By Russell Mark//National Team High Performance Consultant
Shoulder pain is unfortunately a very common occurrence in swimming. Many people accept it as a part of the sport – a result of thousands upon thousands of repeated strokes – and some people are lucky to never experience pain and some people aren’t. It doesn’t have to be like that! Certainly, some people’s shoulder pain is unavoidable, but for many others, a simple change in technique could be the fix.
It’s not necessarily repeated strokes that cause shoulder pain. It’s repeated strokes with flawed technique. The one thing you need to be aware of:
Don’t let your arm go behind your back.
The hard thing is that most swimmers don’t even realize this is happening. They just feel pain as they start pulling the water with their arm. In freestyle, backstroke and butterfly, it’s all too easy to start the pull while your arm is in a high-risk position.
If you’re feeling pain at the beginning of your stroke or as you’re pulling through, you need to be aware of where your arm is when you’re feeling the pain. If your upper-arm (from your shoulder to your elbow) is behind your back (from shoulder to shoulder), that is bad for most people. Your upper-arm and back have to line up if you want to protect your shoulder.
In freestyle, you might feel pain when the stroke starts because your shoulder is rotated down when the arm starts pulling. If you’re feeling pain, either decrease the rotation to that side or pull more in front of you (not as wide). This can be a common problem on a swimmer’s non-breathing side because many swimmers lean on that side when they breathe.
A second problem spot in freestyle is the start of the recovery. If you feel pain there, you might be exaggerating the finish motion too much, and the hand and arm are too high when the recovery starts. Keep the arm lower to the water to start the recovery.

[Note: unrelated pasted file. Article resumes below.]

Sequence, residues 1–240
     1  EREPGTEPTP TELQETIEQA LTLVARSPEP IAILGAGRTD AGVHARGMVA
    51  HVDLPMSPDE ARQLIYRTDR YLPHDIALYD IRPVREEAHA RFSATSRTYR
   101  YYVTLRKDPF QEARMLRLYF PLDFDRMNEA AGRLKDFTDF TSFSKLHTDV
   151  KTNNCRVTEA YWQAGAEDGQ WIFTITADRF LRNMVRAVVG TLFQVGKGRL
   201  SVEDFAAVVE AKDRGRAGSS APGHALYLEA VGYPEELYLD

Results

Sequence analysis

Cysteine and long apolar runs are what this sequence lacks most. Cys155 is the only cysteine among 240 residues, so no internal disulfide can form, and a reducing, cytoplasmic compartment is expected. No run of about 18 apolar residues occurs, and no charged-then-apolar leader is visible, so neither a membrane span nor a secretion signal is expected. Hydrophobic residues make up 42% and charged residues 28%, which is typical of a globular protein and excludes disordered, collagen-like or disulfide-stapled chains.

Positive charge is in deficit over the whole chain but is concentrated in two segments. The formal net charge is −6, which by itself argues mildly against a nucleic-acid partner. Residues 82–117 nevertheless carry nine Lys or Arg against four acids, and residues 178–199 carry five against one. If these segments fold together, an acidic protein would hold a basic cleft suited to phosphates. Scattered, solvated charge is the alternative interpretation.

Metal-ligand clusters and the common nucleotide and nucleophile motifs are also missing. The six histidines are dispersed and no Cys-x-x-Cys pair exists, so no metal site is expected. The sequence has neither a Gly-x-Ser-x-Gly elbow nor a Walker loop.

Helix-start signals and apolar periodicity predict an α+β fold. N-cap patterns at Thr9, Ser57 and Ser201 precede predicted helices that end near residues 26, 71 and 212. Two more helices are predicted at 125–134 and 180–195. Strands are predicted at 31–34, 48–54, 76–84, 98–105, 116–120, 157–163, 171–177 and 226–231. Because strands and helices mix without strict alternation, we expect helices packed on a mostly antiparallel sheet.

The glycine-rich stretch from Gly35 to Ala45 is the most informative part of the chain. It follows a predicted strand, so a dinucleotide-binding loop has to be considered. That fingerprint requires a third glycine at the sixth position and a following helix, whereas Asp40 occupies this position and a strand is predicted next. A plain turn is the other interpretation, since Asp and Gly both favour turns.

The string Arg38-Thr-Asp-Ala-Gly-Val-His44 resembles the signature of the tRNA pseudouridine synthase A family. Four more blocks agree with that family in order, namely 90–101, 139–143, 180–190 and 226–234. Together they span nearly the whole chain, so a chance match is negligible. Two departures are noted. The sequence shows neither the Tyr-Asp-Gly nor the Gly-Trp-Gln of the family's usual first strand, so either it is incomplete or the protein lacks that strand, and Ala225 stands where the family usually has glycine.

In backstroke, many swimmers press down with their hand and arm to start the stroke. This can definitely make the arm go behind the back. If you’re feeling pain, either rotate more to that side or pull shallower. (I’d recommend a shallower pull.)
In butterfly, the potentially painful position can happen if the swimmer presses deep with their chest and the hands stay high at the surface. If you feel pain, press forward with the chest and have a flatter stroke.
This video and picture shows exactly where the high-risk position typically occurs in freestyle and the type of position to avoid in all strokes:
For further reading:
In 2010, I collaborated with three brilliant practitioners (Dr. Scott Rodeo, Marilyn Pink and George Edelman) on a book chapter written for clinicians and dedicated to injuries in swimming with a particular emphasis on the shoulder. The chapter is filled with much more detail, illustrations and guidance for prevention and treatment.
The book publisher has graciously granted free access to the book chapter:
- Go to: www.educata.com
- Register in the upper right-hand corner. Fill in all of the required info and make up an expiration date.
- Once registered, click on “Library” and scroll down to the 3rd article “Applied biomechanics of swimming”
For more tips from the National Team High Performance staff, visit the National Team High Performance Tips archive.